Deborah Wheeler on how her friendship with the late ANZAC Alf Carpenter inspired her new book

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After an extraordinary encounter with a man walking in southern Queensland holding a Greek flag and an ANZAC Remembrance Flag, author Deborah Wheeler knew she had to stop and find out more. 

The subsequent conversation changed Deborah’s life and led to her new book ‘Silk Clouds and Olive Trees: Stories from the Battle of Crete.’ 

In an interview with The Greek Herald, Deborah talks about this book and how it was the gateway to a friendship with the late Battle of Crete veteran, Alf Carpenter. 

1. Tell us about ‘Silk Clouds and Olive Trees: Stories from the Battle of Crete.’

One day while driving to a nearby town in southern Queensland, I saw a man walking along the side of the road carrying a Greek flag and an ANZAC Remembrance flag. I knew I had to stop and speak to him. So in essence, this book was born from a road side conversation. 

Andreas Lionakis was doing a walk from Brisbane to Wallangarra and back, some 520 kilometres. This walk was done in memory of his father, Tim Lionakis, who had fought alongside the Allies against the German invasion of Crete. I had never heard of the Battle of Crete and as I listened, I was fascinated and acknowledged I need to learn more. 


2.    What is your connection to the Battle of Crete and in particular, the late Alf Carpenter?

During Andreas’ walk, many people stopped to talk with him and some were able to tell him stories of their relatives who had fought in the battle. I knew some of the people who spoke with Andreas and so I contacted them. After hearing their stories, I knew I had to record these stories before they were lost. 

Alf’s name came up during my early research as he had a connection with another soldier I was writing about. I rang Alf and told him my story. Needless to say, Alf was more than happy to speak and share his story with me. In total, the book records the stories of twelve Australian and New Zealand soldiers. 

When I was compiling the final chapter of the book, where I record the names of all the ANZACS who are buried in the Suda Bay Cemetery, I received a shock. It was not until this moment that I realised my father’s cousin was one of the men buried on Crete. Private Albert Edgar Geale, NX13466, 2/2nd Infantry Battalion was killed by the Luftwaffe on June 1, 1941 after the Allies had surrendered to the German forces.

Being the only Second World War veteran still alive with connections to my book, Alf was able to verify many things I had written about. So much so that he wrote the Foreword for the book. It was such a humbling experience to have such a knowledgeable and generous man work so closely with me. We spent hours on the phone talking not only about the war but about many aspects of Alf’s long and eventful life. He was a real character and someone I came to admire and love as anyone who knew him can attest to.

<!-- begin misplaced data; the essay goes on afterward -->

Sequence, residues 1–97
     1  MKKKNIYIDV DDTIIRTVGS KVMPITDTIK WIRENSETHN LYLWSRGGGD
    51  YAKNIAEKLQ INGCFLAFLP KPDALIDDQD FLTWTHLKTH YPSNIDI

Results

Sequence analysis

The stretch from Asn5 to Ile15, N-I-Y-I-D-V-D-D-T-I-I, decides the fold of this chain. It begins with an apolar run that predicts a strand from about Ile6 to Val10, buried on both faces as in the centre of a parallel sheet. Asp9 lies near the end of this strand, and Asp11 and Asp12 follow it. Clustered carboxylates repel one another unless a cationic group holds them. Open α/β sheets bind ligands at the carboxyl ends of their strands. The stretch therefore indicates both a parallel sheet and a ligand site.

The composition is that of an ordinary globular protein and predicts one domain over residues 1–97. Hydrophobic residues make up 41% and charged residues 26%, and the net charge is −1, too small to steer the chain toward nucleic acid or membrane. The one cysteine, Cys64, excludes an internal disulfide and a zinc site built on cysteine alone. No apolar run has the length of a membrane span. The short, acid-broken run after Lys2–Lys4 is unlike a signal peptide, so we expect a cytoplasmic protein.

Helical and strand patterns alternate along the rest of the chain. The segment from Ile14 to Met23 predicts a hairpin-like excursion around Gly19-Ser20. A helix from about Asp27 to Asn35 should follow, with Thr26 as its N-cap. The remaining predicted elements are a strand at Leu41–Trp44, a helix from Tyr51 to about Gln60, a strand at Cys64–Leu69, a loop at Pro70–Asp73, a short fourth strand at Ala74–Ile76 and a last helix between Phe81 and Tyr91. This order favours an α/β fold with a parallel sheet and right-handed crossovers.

3.    Why do you think it’s so important to record the history of the battle?

Alf was one of only a handful of veterans still living who experienced the battle firsthand. It is essential we capture this knowledge as it puts a different perspective on war history. The facts and figures recorded in military files is very valuable but firsthand stories from the men involved, those who were on the front lines, is priceless. This is where we learn about the on-the-ground incidents, the feelings they experienced and the lifelong friendships forged in some indescribable conditions on the battlefields. 

Film director, Jeff Hughes, was at the launch of my book in Brisbane and he helped organise a Zoom link so Alf was able to be a part of the event. Afterwards Jeff approached me and asked if we could look at doing a documentary on Alf’s life. Once I explained this to Alf, he was happy to be a part of our joint venture. 

You realise just how important it is to record the memories and history of the Battle of Crete when we lose our few remaining veterans. Fortunately, we now have Alf’s story recorded in ‘Silk Clouds & Olive Trees: Stories from the Battle of Crete’ and also in his film ‘Second Generation ANZAC: The story of Alf Carpenter.’

As many at Alf’s funeral on September 15 commented, he will never be forgotten and when we have the opportunity of hear him talk whenever we watch his film. Alf loved the Greek people and this love was returned by the Greek people. We may have lost Alf but his story will go on for all time. 

4. Is there anything else you want to say?

I encourage all veterans to take the time to tell their stories, name their photos in whatever format this may take. It is too late for us to learn and understand what you experienced and who you shared these experiences with when your time with us comes to an end. History is important but never more so than when it gives us the opportunity to keep someone’s story alive for all time. Your story is important, please share it while you can.

READ MORE: 105-year-old Battle of Crete veteran Alf Carpenter passes away

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